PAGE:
In answering these questions, consider the overall strategy of your organisation – you’re trying to integrate innovation into this strategy. Once you’ve done this, then you can start thinking about what tools might help you achieve these strategies. There are many technologies that make innovation more effective – communities of practice, idea jams and various software and communication tools for idea development; tools like stage-gate for idea selection; simulation, rapid prototyping with computers and 3d printing for idea testing; and business model development techniques to help your ideas to spread.

But if you are going to successfully fulfill your CEO’s request, you need to think about people and processes first. Only then can you start thinking about tools.

Student and teacher of innovation - University of Queensland Business School - links to academic papers, twitter, and so on can be found here.

Please note: I reserve the right to delete comments that are offensive or off-topic.

6 thoughts on “Innovation: Concentrate on People and Process, not Tools

  1. Hi Tim,

    I first saw these 3 terms (People, Process, Tools) about 15 years ago when I was working as an IT Process manager. The driver, then, was process. There is logic in that. Let me explain.

    Most organisations are defined by what they do (service or product) and not so much who works for them. People are valued for what they can do (perceived, real and potential). For any given work to be done (a project or process, in other words), the organisation ‘recruits’ the people who can best do the job and make them more effective and efficient by skilling them up as well as giving them tools. In this context, (a documented) process links people and tools in the most effective way – it is the premise… in theory, anyway.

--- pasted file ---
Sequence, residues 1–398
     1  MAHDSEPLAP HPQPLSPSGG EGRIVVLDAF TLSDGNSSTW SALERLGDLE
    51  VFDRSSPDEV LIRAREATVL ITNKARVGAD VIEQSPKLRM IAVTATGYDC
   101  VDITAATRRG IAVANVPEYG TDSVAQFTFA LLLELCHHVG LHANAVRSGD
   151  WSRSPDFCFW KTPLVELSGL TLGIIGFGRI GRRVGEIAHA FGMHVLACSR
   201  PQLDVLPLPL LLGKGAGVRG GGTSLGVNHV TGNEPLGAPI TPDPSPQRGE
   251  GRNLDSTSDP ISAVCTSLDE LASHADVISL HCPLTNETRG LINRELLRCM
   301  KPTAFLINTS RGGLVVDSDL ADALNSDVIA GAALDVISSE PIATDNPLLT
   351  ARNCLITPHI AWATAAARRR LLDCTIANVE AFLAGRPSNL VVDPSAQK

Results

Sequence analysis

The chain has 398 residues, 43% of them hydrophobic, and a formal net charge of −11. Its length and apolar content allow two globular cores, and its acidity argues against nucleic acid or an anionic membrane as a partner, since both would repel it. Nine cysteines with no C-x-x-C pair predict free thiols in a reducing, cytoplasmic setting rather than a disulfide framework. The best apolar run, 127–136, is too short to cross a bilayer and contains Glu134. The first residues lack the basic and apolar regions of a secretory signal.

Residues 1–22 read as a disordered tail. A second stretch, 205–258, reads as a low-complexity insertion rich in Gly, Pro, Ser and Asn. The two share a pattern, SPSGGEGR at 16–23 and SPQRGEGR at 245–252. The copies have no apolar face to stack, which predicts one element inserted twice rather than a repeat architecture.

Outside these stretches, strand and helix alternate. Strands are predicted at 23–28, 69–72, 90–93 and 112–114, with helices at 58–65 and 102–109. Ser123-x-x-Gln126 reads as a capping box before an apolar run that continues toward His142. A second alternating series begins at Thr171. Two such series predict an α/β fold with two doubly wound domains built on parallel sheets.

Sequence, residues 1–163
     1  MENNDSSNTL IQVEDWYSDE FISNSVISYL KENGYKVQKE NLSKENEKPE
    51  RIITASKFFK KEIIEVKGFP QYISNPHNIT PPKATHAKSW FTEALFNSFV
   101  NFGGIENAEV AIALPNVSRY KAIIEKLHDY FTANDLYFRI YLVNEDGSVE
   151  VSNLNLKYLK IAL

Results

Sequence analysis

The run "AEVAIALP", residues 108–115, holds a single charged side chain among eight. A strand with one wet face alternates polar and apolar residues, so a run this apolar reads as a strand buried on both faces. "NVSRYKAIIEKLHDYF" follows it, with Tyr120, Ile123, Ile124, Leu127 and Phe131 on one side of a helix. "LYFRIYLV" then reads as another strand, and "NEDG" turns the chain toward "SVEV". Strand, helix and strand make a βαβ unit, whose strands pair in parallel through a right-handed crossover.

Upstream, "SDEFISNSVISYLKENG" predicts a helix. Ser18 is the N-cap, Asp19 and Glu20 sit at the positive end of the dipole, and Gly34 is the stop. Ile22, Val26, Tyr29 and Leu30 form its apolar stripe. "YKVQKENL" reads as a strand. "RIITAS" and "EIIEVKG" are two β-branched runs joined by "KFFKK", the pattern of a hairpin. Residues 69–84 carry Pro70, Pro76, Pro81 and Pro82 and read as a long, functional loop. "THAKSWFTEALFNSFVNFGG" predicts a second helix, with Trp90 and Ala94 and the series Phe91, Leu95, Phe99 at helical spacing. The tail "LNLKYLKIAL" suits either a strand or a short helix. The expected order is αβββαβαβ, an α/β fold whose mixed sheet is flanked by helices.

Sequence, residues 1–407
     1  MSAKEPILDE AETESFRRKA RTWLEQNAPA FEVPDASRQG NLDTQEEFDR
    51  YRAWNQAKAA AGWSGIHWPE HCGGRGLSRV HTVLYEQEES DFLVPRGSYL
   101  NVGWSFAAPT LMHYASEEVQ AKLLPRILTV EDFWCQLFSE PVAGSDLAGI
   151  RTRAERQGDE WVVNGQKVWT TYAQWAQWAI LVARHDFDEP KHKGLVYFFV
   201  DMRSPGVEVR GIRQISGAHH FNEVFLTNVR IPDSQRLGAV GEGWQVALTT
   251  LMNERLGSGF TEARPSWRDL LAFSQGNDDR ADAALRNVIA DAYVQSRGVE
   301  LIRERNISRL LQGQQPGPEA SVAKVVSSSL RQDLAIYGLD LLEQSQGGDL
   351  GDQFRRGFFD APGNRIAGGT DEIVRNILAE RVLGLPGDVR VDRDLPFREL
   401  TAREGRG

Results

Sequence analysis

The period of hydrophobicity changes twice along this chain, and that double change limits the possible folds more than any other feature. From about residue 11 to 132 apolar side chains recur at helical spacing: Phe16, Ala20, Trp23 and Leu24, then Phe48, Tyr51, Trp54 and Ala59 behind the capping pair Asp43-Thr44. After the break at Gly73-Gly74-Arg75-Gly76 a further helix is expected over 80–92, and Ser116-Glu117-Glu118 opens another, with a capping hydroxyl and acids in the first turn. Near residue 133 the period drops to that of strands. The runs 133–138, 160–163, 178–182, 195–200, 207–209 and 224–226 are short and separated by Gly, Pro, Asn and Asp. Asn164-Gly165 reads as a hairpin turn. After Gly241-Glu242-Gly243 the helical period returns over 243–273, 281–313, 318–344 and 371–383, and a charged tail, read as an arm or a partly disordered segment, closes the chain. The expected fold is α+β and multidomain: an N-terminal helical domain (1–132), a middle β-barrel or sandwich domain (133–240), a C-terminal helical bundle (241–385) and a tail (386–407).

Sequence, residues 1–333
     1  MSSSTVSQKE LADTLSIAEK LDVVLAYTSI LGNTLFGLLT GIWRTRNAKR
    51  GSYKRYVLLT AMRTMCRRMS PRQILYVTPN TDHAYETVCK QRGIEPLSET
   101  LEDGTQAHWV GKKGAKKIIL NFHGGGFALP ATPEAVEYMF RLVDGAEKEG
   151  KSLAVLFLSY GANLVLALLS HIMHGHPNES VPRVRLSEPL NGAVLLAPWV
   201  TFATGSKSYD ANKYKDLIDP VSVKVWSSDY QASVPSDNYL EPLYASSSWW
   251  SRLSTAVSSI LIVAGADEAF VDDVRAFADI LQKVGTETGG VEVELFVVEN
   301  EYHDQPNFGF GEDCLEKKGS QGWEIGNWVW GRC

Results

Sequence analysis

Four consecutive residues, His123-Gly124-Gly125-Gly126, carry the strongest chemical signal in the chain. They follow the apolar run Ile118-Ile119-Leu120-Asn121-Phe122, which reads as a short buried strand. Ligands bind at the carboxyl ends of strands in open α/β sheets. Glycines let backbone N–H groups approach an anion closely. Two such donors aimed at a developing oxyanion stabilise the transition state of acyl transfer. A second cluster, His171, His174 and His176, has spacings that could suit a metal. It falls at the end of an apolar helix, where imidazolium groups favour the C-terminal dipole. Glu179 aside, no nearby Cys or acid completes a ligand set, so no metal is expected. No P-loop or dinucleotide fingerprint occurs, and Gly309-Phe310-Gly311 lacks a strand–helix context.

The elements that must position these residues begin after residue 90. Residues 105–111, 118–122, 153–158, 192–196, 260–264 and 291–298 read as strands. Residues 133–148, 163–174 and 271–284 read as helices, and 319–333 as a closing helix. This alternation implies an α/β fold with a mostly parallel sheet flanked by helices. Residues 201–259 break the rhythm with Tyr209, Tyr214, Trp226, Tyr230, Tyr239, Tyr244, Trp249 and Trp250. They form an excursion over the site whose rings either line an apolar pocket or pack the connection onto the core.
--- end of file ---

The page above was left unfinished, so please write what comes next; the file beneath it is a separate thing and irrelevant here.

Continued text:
At the time I was working with all these, we were also looking at SEI’s CMM levels. . Interestingly, innovation doesn’t factor in until at the highest level of 5 – Optimized. It makes sense from the view that you can only improve from a given premise. The premise itself must first be defined and managed. Recall my positive, negative space analogy – innovation begins when you veer of from what’s-there-now to what-can-be.

    I thought it interesting that CMM level 1 – chaotic – is characterised not so much by chaos, but really that organisations thrive on ‘heroes’ to save the day. If these people leave, organisations are potentially left hight and dry.

    ….just a food for thought….

  2. That’s interesting Malyn. I think you can make an argument that process comes first – I’m not really particular as long as tools come last!

    The only thing with the CMM is that innovation as optimization only captures one particular type of innovation – incremental improvements. I think that these are innovations, and they are often under-rated.

    I think that your positive space – negative space idea goes well beyond that though – that is the kind of thinking that is needed to come up with the more radical ideas that go out into the completely unfilled and currently undefined needs.

    But you’re right – it’s definitely food for thought!